I would like to comment on two of the points stated, the first being “The Church is on a pilgrimage” ~  Excellent statement Father Smith, one of the first that you have made that I would agree with. 
    Yes, the Church is on a pilgrimage, unfortunately for those of the liberal viewpoint, the pilgrimage has now turned the corner, the wisdom of the ages is resurfacing and now TEC and ACC are finding themselves deeper and deeper into a very large conundrum.  Whatever shall they do when the larger percentage of the Anglican Communion seperates (which appears to be where things are heading)with or without Canterbury.
    I’m convinced that the ABC is changing an attitude but perhaps it is more for personal protection and history than for any other reason (I would hope that is not the truth, but I do wonder).

    Secondly, the statement made above “Solemnisation of polygamous marriages in the Church of Uganda - mentioned on this site by Canon Benjamin” by you.
    I am questioning the validity of the statement and I asked you once before to confirm it from another source rather than from a statement made on one Canon Benjamin.  I have been unable to find reference to such happenings and would not like to be misled by an untruth.  Therefore, again, You are the one who brought this up again and again I am asking you to confirm it as fact on this site. 
    No doubt, there have, in the past been “other violations” BUT, does this mean that new violations should be allowed?

    It is time for a reversal of the liberalist trend and it is time for God’s Word (all of it) to start being adherred to.

    In Christ,
    Gerry

  17. Father Ron Smith Says:

    In reply to Gerry O’Brien (above)

    My reference to the solemnisation of polygamous marriages in Uganda was directly in response to the ‘primer’ for the global South, published on this web-site for all to read, on an earlier posting: details below:

    Benjamin Twinamaani:How American Anglicans Think and Act: A Primer for the Global South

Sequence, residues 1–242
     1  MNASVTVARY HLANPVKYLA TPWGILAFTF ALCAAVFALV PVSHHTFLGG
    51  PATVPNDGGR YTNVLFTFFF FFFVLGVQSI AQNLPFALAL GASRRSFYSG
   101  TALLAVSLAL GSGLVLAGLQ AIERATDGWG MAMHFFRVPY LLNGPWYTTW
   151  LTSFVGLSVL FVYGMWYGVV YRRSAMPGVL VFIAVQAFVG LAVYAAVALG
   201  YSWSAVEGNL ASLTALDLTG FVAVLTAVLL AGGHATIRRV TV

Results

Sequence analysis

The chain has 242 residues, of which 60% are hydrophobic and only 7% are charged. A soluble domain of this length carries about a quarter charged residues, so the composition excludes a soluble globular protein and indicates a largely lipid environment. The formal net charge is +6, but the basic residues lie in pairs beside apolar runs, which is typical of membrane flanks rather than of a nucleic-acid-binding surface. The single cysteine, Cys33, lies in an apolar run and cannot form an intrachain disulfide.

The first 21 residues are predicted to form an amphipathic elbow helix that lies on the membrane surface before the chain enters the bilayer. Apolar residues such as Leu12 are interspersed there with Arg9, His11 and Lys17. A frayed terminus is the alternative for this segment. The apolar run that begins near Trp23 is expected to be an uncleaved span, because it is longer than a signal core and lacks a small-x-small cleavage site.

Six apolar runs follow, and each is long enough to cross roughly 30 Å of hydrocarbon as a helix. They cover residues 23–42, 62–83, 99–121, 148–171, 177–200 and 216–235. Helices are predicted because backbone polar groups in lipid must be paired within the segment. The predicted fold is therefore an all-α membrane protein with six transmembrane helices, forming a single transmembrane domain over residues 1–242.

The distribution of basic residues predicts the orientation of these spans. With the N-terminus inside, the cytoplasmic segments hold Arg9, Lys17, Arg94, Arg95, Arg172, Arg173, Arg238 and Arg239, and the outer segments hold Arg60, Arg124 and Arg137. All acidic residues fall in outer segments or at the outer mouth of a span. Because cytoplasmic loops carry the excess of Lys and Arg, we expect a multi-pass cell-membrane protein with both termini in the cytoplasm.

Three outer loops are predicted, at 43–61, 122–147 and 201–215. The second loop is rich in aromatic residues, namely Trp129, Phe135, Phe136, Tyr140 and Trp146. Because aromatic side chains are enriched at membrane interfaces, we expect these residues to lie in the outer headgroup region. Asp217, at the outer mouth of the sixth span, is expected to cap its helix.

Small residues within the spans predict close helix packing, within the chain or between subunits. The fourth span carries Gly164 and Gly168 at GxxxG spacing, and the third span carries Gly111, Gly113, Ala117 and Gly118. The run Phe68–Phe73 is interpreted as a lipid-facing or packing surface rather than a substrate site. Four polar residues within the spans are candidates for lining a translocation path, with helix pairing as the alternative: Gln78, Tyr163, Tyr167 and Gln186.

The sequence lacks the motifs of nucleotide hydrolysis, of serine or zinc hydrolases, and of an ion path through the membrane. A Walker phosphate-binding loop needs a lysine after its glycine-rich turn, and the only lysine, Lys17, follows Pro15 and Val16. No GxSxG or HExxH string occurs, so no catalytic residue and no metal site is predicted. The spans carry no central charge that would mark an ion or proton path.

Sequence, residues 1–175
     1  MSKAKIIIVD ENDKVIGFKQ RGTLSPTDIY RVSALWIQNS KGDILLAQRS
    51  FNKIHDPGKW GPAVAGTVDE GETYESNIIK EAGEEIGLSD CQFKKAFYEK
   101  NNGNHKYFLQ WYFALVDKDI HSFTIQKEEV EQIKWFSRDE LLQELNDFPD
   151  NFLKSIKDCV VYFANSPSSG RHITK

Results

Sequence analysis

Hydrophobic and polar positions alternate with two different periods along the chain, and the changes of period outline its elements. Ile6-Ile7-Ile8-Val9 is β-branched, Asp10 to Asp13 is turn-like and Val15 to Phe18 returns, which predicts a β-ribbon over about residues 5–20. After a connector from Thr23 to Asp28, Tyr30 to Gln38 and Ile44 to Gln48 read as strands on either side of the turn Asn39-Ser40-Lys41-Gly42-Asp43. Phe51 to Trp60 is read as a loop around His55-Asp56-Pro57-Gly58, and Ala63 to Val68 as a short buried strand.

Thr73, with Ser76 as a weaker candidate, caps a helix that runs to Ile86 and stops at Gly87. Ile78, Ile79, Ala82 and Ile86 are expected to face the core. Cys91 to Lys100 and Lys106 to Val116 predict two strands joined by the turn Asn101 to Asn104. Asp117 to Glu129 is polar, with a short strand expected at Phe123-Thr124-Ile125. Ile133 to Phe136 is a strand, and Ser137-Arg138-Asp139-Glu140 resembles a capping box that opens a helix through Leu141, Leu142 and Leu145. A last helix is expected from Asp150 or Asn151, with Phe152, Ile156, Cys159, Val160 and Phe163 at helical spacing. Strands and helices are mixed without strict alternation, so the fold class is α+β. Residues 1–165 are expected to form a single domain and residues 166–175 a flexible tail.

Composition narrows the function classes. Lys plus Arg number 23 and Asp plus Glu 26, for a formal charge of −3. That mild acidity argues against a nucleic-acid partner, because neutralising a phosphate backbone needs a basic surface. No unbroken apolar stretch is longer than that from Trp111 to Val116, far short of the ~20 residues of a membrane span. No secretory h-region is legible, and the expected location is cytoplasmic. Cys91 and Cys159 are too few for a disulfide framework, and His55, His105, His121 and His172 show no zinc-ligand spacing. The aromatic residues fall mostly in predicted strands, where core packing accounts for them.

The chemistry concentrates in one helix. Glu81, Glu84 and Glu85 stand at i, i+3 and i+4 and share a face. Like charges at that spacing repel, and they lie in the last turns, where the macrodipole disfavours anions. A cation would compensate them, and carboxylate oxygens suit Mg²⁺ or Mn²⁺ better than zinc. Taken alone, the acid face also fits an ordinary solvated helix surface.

The following article is provided by The Rev. Canon Benjamin Twinamaani of Uganda, posted at Anglican Communion Institute.

    If this was considered as a statement contrary to reality, then would not the Web Adminstrators have refused its publication?

    One looks at the articles published on this site as being at least vetted by the Administrators - after all, they have vetted comments from me from time to time - especially in response to your own protestations. Presumably they have been thought contrary to the Global South view?

    I cannot answer for your inability to find any evidence for polygamous marriages having actually taken place in the diocese of Buganda - as stated by Canon Benjamin, but I guess you might get this from the Web Adminstrator, Why not ask them!

    As for your assertion that ‘it is time for a reversal of the liberalist trend and it is time for God’s Word (all of it) to start being adherred (sic) to’ - I’d heard that the Gospel was all about Christ (Word-made-flesh) liberating all humanity from due process of the Law, in order to live by Grace.

    en Christo,  Father Ron

  18. Gerry O'Brien Says:

    In response to # 17 above:

    I am not in disagreement with the Website Administrators on this site, however, it is clear to myself and surely must be clear to you that for an extended period of time, this website was not being administered or policed to any extent, if indeed at all.  Many, many, many statements were placed on this site that were not edited and we are aware that the editing only really appears to have started taking place on 28-12-07.